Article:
"Well, I'm trying to convince your Daddy to go. He seems to think we're gonna get drowned in snow. He keeps asking me to check the weather."
That was October.
Now, how an October weather report would accurately predict a New England blizzard in January was beyond the both of us; in fact, it was beyond the realm of rational thought. But something about New England in winter made my father, King David Heath of Talbotton, Georgia, irrational. Yet something about this lack of ration was fitting because my mother and father would be coming to witness an event which was, by anybody's stretch, irrational: my graduation with a Masters of Fine Arts in Creative Writing from New England College.
If you've been following this blog, you know the convoluted path I took to get here. Rational thought said I should have gotten a bachelor's degree from Georgia Tech, gone on to graduate studies in electrical engineering at MIT, and followed a sequence of 0's and 1's until I was married with a wife named Angela, two children named Chelsea and Marvin, moving into our second house in some suburb of DC or Houston by this point, living a life of baseball practices and piano recitals and mutual funds.
Instead, here I was trying to convince my Pops to get on a plane to brave the possibility of a blizzard to see me, who shattered his dream of an electrical engineer, graduate with a Masters degree in Fine Arts - Poetry, no less:
SO, HERE ARE me and Pops just before the graduation ceremony. Incidentally, not only did it not snow, but the day before Moms and Pops arrived, the sky was blue, the groundskeeper was actually mowing the grass, and the temperature topped 70 degrees. How's that for New England in January?
Even beyond the weather, the entire residency
was surreal. First, I should mention that, for the first time since the inception of the New England College MFA in Creative Writing program, the winter residency was not being held at the campus in Henniker, NH, but rather at the Northfield Mount Hermon School for Young Ladies , a sprawling campus about 90 minutes south in Northfield, Massachusetts which could have passed for the set of A Separate Peace - in some ways.
In other ways, the campus was eerily reminiscent of The Shining. Perhaps, it was the still as of yet unexplained woman's voice we all heard 3 o'clock one morning screaming, Let me in! I'm locked outside! I'm locked outsiiiiiiiide!!!
Aside from causing good old-fashioned nightmares, the move to this campus could have created a logistical nightmare: flying into Hartford instead of Manchester, all of us being equally lost on a new campus - new students and old students alike. But it went rather smoothly considering.
An unintended consequence of this move to this location "even remoter than Henniker" was that we had no access to a convenience store. Instead, we had a makeshift comissary with very limited options. When I realized that I had forgotten to pack my electric razor, this led to me accomplishing one of my quirkier 101 in 1001 goals:
BUT THE HEIGHT OF SURREALNESS actually occurred on the first full-day of the residency when four of our graduating class of eight had to present our half of the panel, "Doing the Nasty: Writing in, Around, and Through Taboo." Each of us had fifteen minutes to present some craft-oriented mini-lecture. Some of my classmates' topics: Issa Lewis, "The Fallible Speaker: An Exploration of Anne Sexton's 'The Exorcists'"; Misha Cahnmann-Taylor, "White Lies, White Truths: White Writers on Race in Contemporary American Poetry."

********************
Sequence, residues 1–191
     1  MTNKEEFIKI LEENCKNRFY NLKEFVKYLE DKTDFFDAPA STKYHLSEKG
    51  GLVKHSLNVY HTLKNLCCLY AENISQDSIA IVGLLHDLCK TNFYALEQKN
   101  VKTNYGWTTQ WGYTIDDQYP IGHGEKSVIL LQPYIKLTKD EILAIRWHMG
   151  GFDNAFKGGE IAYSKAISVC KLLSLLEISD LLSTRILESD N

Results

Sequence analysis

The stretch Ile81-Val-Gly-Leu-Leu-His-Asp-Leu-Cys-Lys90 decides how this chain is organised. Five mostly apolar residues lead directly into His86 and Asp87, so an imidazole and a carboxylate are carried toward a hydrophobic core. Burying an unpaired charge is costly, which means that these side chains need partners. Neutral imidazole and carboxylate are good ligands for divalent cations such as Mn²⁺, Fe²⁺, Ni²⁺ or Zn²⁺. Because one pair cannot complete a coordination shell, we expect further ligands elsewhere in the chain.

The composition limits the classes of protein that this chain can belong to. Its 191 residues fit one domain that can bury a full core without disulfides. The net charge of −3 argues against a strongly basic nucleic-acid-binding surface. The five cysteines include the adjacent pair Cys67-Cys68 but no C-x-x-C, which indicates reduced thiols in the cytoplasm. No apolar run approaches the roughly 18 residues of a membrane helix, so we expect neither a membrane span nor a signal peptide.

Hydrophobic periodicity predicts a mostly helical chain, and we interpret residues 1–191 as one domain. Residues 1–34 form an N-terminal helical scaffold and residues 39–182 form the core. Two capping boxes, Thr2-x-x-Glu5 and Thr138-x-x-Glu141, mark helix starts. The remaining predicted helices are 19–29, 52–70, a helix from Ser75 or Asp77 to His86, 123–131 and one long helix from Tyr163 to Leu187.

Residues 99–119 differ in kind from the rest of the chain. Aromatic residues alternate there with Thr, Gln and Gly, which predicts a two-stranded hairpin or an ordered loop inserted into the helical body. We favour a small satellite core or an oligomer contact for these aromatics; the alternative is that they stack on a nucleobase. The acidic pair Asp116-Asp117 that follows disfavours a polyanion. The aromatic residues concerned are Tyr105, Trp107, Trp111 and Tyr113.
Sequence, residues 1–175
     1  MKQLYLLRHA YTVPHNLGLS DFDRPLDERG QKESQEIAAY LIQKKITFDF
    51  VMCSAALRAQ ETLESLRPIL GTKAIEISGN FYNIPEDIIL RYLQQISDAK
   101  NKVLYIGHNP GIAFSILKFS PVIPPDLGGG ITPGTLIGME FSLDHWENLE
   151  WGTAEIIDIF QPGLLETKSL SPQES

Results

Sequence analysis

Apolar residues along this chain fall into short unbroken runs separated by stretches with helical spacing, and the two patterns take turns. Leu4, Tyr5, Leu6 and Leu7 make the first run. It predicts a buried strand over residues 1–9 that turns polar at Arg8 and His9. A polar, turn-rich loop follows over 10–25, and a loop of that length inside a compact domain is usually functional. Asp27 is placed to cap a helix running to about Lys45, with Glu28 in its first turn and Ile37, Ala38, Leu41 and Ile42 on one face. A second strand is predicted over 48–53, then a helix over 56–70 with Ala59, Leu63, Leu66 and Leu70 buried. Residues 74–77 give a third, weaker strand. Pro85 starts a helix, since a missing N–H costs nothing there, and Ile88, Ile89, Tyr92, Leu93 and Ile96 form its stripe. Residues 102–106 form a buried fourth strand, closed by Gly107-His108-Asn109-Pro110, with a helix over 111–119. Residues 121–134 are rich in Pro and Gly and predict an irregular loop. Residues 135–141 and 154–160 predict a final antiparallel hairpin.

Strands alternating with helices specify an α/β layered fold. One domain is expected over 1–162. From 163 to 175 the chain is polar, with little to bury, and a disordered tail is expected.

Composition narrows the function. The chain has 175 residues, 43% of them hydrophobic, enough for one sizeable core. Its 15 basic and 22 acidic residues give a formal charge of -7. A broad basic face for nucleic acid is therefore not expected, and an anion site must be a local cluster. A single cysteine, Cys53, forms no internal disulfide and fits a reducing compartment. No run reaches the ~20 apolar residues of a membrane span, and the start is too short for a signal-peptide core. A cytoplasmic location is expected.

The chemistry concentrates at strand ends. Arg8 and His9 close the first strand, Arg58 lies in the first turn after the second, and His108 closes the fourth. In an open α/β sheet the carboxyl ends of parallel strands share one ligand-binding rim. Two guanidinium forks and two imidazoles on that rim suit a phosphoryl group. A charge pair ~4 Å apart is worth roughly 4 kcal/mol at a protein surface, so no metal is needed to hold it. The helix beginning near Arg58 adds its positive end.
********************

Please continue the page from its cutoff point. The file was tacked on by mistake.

My taboo topic? "Rethinking the P*ssy Poem: An Analysis of Tone in the Poetry of Nin Andrews." Yes, me, on a panel talking about p*ssy poems for fifteen minutes.
At the Hartford airport the previous day as we waited for our shuttle to campus, I practiced my p*ssy talk on my classmate, Issa Lewis. I had some reservations about being male and leading such a talk, so I made sure to incorporate a lot of audience participation into the talk. Issa was my guinea pig.
Naturally, the big taboo is the word, p*ssy - particularly, saying it aloud. So, imagine us, in an airport waiting area, surrounded by tables of people, trying to navigate this talk - using our "inside voices," but having to raise our volume periodically to outtalk the P.A. system - Would passenger Douglass J_nes please report to the U.S. Air counter? Passenger Douglass J_nes? - only to have the room suddenly go quiet just as Issa says the following line from "The P*ssy's Debut":
"P*ssy. Pretty, isn't it?"
Imagine the elderly man at the table next to us, raising his brow as he reads the Times. Imagine the woman two tables over, feeding her infant apple sauce, suddenly missing the baby's mouth.
After the practice run concluded, Issa said, "In all my years of living, I've never said the word, p*ssy, as many times as I have in the past fifteen minutes."
"But did you like it?" I asked.
She paused for a moment. Then she said devilishly, "Yesssss."
Parting is such sweet sorrow, it is said. And I'd have to concur. Even in a low-residency format, bonds are created which hurt to break. But where one road ends, there is a place to forge another. And standing here, today, it could not be any brighter.
To end this entry, which culminates an 11-year chapter in my life, which resulted in the completion of my first book-length poetry manuscript, Dreams in the Black Bazaar, (a fitting title for my last 11 years), which resulted in my completion of goal #6: Graduate with an MFA, and which finally allows me to lay Marvin Heath to rest, I'll share these photos of my two families who made it possible - my fellow NEC Class of Winter 2007 graduates: L-to-R: Benjamin Russell, Issa Lewis, Jim Kelleher, me, Michael Fisher, Misha Cahnmann-Taylor, Tara Betts, and Laurie Sewall (not shown) and Moms and Pops.
Here's to a new beginning: